5

I have a date that is only present once in every log file and I am trying to add this date to all following events after it has been matched once, making it act like a global variable in some ways. (The date is at the top of the document and I am unable to use multiline or make changes to the file name or content)

For this, my approach is to use a grep filter with drop => false.

grok {
    patterns_dir => "[...]"
    match => [ "message", "%{DATELINE}" ]
    tag_on_failure => [ ]
}
grep {
    add_field => { "grepdate" => "%{mydate}" }
    drop => false
}
date {
    locale => "en"
    timezone => "Europe/Paris"
    match => [ "grepdate", "yyyyMMdd" ]
    target => "grepdate"
}

Regular expression:

DATELINE (= Date: (?<mydate>[0-9]{8}))

What I notice is that the grepdate field is correctly being added to all events - which is what I want - but the value of that field is not the date itself (the value of %{mydate}), but the actual string "%{mydate}", except when actually being matched for the first time (when parsing the actual date in my log file, the grepdate field contains the correct value)

What can I do to fix this?

Any help is greatly appreciated.

Edit:

I am now trying a solution that includes the use of the memorizeplugin. However, I am getting the following error:

Cannot use more than 1 filter worker because the following plugins don't work with more than one worker: memorize

Is there a way to make this filter thread-safe?

1 Answer 1

6

Maybe you should use the official aggregate filter for this, since memorize is not official and will not work with Logstash >2.0.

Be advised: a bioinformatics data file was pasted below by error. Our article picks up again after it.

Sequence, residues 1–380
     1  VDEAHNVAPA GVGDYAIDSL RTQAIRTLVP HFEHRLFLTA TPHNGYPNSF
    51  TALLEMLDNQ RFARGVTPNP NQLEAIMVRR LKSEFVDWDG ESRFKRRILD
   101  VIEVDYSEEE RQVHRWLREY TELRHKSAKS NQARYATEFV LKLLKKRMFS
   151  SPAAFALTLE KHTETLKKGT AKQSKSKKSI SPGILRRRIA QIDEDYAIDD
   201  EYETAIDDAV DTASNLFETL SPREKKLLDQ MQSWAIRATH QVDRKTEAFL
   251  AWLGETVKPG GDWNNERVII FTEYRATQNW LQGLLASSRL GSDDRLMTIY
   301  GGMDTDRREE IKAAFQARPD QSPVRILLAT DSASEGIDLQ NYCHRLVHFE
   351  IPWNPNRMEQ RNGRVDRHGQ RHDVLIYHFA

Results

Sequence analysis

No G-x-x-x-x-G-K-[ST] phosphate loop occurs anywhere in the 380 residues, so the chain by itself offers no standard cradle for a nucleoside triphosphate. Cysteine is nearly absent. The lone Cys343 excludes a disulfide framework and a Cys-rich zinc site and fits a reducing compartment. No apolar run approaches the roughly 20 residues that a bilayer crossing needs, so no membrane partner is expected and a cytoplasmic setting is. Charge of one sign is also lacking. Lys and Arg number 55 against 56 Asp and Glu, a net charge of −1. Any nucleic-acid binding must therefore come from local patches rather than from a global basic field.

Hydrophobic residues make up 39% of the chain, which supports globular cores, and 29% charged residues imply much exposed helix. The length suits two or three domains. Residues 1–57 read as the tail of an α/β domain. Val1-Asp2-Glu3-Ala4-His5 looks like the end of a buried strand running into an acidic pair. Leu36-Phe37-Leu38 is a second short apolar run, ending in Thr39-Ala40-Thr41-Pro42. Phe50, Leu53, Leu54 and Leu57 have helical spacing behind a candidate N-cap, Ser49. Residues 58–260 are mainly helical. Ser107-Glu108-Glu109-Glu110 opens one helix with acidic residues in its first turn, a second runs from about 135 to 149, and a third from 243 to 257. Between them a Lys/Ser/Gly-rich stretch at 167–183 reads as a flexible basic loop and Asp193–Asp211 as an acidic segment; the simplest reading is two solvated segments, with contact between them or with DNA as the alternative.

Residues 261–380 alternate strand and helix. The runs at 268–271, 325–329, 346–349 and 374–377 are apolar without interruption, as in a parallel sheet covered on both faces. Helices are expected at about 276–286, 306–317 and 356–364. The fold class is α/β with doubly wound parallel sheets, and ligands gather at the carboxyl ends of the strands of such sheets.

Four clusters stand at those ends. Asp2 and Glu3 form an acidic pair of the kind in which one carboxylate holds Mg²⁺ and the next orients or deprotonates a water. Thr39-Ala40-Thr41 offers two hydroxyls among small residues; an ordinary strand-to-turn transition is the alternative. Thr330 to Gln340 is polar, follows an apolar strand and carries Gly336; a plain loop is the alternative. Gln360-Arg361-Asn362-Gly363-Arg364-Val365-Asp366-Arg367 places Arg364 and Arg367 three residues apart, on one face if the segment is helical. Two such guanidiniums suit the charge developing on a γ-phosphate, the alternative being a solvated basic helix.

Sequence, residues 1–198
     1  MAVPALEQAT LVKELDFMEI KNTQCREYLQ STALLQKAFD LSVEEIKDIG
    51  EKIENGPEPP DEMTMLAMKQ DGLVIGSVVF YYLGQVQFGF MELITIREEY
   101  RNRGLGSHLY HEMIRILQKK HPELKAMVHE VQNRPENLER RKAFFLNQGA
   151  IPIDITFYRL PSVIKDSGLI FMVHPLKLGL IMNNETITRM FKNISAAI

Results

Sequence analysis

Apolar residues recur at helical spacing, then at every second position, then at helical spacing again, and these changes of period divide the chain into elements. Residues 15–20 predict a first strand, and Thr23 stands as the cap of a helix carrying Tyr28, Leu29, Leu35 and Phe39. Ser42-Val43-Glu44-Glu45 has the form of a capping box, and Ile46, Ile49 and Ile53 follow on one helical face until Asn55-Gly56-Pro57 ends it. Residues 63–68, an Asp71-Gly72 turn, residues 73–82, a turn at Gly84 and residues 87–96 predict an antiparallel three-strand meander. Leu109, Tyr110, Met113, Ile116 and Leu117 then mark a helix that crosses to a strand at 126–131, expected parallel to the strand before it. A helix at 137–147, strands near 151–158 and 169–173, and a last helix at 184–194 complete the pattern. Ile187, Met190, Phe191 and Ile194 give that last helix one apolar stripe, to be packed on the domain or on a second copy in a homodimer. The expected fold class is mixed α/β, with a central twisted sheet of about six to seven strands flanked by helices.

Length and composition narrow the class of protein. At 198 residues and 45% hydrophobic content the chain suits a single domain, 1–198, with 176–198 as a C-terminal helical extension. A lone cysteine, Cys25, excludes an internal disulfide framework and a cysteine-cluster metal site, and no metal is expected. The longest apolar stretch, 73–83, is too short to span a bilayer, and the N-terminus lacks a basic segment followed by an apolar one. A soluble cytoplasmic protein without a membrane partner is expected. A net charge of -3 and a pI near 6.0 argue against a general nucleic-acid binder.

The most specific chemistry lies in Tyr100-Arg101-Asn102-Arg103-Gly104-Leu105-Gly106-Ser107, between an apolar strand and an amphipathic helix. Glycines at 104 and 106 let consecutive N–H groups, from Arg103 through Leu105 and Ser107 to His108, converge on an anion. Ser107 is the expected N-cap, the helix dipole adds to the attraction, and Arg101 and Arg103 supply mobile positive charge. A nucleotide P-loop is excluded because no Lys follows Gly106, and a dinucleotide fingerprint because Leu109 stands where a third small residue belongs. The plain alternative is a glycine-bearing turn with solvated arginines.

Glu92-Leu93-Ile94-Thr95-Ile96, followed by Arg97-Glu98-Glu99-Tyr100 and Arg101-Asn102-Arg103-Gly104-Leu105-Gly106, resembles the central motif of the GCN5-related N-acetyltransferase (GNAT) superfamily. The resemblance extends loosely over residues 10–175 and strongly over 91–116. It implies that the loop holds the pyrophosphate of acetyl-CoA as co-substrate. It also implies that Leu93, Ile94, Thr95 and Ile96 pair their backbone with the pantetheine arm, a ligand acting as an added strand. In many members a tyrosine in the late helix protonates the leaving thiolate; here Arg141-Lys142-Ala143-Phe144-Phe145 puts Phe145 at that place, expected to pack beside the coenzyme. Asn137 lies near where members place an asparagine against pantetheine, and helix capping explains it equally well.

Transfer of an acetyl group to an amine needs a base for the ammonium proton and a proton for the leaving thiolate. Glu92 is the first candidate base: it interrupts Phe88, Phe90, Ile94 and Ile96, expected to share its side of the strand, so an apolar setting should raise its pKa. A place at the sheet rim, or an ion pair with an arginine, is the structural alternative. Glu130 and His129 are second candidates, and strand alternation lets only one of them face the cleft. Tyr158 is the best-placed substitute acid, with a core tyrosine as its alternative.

It would go like this:

# same as what you have now
grok {
    patterns_dir => "[...]"
    match => [ "message", "%{DATELINE}" ]
    tag_on_failure => [ "not_date_line" ]

}
# add a fictional taskId field to correlate all lines
mutate {
   add_field => { "taskId" => "all" }
}

# if we're processing the first line, remember the date
if "not_date_line" not in [tags] {
    aggregate {
        task_id => "%{taskId}"
        code => "map['mydate'] = event['mydate']"
    }
} 
# if we're processing the next lines, add the date
else {
    aggregate {
        task_id => "%{taskId}"
        code => "event['mydate'] = map['mydate']"
        map_action => "update"
        timeout => 0
    }
}

All your events will then have a mydate field with the date that was on the first log line.

1
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    – Val
    May 16, 2017 at 3:24

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